I’ve been playing Pathfinder RPG for about 10 years now. Back then, I liked they based it on D&D 3.5 rule set, which was the basis of my campaign back then. I also liked it wasn’t Wizards of the Coast, and it wasn’t D&D 4th Edition. It’s a poor way to choose a rule set based on what it is NOT, but having been a D&Der since the boxed set days, I was burned out by the constant rule edition changes and mountains of supplements and add-ons. And I, being a geek, was always there with my charge card out.
For for about a decade I’ve been playing Pathfinder. During that time it has added mountains of supplements and add-ons; but unlike WOTC, it has remained true to the base 3.5 system it inherited a decade ago.
But in early 2018 Paizo announced a new version of Pathfinder would be available for play-testing in August. This announcement didn’t surprise me. The D&D boys at Wizards put out an excellent new 5e edition (finally sticking a dagger in the late, unlamented 4th edition fiasco). Wizards finally quit pandering to the electronic gamer geeks and back to RPG gamers, who are the ones who spend the money. People were climbing back onboard the D&D bandwagon. As a business owner, I get it; Paizo was losing paying customers and needed to fight for the stereotypical tight-fisted role-playing-gamer’s money.
As with their previous edition, Paizo provided free play-test rules so players can try the game out, pick out any errors or offer suggestions. Because as the world knows by now, geeks do not hold their opinions on anything dealing with gaming, fantasy, Star Wars and/or Star Trek. When it comes to our areas of expertise, we are the internet’s WORST trolls.
When Paizo made the Playtest Rulebook available for download (link), I quickly grabbed a copy and have spent the last few days reading it.
Player character (PC) creation is not as customizable as the previous edition. but the rules allow for more modification in game play. Players can swap out a PC’s feats, skill levels, even domains. These changes cannot occur in the middle of the dungeon, but once a character has some downtime, players can alter them.
The rules streamline character creation. It is now possible to complete a character build in under 30 minutes. It doesn’t appear to be as fast as D&D 5e, but overall feels like a good compromise.
One of my concerns with this new edition is how they handle multi-classing. In the first edition, characters could take levels in different classes, allowing players to create a unique character that fits their character concept. For example, if a player wanted a Wizard that was also a kick-ass swordsman, as long as the character had suitable attributes, the wizard could take a level or 2 in the fighter class. Eventually the player would have a character that might LOOK like a wimp in the tavern, but could break a few jaws if a bar-fight. broke out.
Multi-classing in Pathfinder 2E is different. As this new rule-set relies heavily on feats, the same wizard character in the example about would not take fighter class levels. Instead, the wizard would take a multiclass feat and then choose fighter feats. While in theory this design choice makes sense as characters are still leveling in their primary class but gaining different class abilities. Players characters should be more balanced, but it’s debatable if players will have the flexibility of the older editions to create a unique character design. Historically, this has been a strength of Pathfinder; I would hate for players to lose that capability.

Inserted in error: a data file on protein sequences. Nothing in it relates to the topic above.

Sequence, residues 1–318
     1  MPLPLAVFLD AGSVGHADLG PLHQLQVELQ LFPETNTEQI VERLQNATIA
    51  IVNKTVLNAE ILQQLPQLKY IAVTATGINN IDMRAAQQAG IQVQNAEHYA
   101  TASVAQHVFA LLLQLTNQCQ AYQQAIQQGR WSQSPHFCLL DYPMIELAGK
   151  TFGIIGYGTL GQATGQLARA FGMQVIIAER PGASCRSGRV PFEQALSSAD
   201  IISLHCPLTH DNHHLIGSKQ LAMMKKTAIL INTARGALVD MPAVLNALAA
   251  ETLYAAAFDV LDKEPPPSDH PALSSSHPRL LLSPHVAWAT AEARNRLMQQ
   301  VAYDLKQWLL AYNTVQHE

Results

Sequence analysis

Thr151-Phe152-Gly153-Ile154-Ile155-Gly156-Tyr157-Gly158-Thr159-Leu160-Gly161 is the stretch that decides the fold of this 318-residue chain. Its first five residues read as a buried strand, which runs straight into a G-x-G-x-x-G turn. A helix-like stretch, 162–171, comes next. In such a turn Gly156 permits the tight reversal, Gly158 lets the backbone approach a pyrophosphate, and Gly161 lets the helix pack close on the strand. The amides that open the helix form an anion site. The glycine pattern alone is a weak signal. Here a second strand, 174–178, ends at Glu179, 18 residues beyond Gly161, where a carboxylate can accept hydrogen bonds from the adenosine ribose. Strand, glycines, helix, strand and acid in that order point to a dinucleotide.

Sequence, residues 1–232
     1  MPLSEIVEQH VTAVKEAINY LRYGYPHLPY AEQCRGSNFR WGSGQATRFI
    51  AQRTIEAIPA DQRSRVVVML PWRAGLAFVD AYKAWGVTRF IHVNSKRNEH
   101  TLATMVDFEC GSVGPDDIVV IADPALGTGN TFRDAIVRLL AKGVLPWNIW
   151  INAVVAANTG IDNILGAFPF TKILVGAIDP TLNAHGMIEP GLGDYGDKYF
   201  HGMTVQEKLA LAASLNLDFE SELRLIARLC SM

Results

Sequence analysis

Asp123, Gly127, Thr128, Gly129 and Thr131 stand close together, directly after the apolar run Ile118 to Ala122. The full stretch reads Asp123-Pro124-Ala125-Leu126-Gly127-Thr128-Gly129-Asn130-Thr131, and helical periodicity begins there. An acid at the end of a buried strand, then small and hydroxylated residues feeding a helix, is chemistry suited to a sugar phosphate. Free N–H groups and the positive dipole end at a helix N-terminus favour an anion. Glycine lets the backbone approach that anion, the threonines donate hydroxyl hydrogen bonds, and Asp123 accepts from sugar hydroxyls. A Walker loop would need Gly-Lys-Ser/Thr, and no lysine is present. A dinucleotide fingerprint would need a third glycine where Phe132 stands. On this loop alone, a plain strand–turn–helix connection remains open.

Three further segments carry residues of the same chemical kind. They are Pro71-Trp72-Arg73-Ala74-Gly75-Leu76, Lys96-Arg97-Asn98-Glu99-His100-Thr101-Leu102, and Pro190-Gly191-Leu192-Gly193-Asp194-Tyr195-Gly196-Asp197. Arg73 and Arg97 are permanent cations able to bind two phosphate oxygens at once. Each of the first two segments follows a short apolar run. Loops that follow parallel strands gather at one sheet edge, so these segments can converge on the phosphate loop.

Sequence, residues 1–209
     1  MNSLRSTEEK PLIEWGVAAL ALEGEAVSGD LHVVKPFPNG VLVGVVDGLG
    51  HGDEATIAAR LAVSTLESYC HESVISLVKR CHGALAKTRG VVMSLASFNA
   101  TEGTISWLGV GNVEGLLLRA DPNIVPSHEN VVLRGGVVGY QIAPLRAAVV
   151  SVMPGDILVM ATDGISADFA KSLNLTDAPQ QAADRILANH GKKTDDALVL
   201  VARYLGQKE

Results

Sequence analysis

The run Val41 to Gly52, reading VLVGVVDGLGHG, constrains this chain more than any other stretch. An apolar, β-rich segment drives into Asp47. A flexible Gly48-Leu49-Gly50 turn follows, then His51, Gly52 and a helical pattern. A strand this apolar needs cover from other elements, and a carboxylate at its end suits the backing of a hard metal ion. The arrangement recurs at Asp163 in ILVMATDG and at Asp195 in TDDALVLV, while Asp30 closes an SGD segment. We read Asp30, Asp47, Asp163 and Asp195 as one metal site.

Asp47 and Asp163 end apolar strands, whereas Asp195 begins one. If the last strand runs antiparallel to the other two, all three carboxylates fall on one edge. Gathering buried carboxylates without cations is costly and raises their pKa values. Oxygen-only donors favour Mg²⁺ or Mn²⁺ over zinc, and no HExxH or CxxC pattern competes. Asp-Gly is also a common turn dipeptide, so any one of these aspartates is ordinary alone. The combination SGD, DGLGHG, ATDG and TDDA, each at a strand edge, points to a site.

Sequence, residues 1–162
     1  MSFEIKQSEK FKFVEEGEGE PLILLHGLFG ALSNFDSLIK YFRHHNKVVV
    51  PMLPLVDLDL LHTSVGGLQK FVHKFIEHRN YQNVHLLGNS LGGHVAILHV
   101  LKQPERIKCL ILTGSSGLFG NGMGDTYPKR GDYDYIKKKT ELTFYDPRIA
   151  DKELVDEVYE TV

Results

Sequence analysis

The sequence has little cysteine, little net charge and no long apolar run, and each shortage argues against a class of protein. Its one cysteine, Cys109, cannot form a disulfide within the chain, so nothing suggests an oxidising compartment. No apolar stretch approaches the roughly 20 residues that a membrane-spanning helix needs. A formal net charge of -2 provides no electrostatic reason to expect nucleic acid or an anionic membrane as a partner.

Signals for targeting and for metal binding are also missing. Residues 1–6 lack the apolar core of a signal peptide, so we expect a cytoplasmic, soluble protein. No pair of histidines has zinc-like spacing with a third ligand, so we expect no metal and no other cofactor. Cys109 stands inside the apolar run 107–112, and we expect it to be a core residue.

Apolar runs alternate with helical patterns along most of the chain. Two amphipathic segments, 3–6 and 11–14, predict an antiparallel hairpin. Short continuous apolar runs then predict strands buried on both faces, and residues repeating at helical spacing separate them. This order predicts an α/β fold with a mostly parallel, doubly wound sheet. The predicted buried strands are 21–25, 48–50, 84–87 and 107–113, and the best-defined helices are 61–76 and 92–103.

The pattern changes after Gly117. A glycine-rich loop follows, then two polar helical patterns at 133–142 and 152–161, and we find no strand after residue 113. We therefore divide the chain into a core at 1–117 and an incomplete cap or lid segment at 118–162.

While I know “real” role-players will argue the point, the fact is that the heart of any good role-playing game are the combat rules. At its core, an RPG is the inevitable fight of good versus evil. The players’ characters find and fight the evil villain and their minions. That is the basis for 99.9 published adventures in this genre. All that being said, I’ve never cared for the combat rules for the Pathfinder 1st Edition. Rather than a cohesive group fighting the monsters and bad guys, because of the combat rule limitations, the first edition felt more like a series of one-on-one slugfests between each PC and their opponent. Even the introduction of the Pathfinder Ultimate Combat rules did little to change this problem.
Unfortunately, the Pathfinder 2E rules don’t entirely do away with this issue. However, the new rules place more emphasis on Reactions and Free Actions, providing triggers to let out-of-turn characters to affect the ongoing fight. A well-oiled group should be able to make consistent combat plans and use a strategy more coordinated than the PCs taking turns beating their opponent to a blood pulp.
Paizo streamlines the new combat rules in this new edition and mad them consistent with one other. Gone (thank the gods!) are the old edition’s terrible grappling rules. Replacing them are rules that mirror weaponed combat.
Overall, I’m impressed with the new edition of Pathfinder. While the rules are still in testing, they are already more consistent and structured than the old rules. Pathfinder 2E feels like a combination of the simplicity of D&D 5e and the “feel” of the 1st edition of Pathfinder. Game mechanics are simplified but still address almost any situation players can think up. Throw in the fact that Paizo has a much better reputation as a company who supports their customers, and it is easy to believe that Pathfinder 2E will be a success.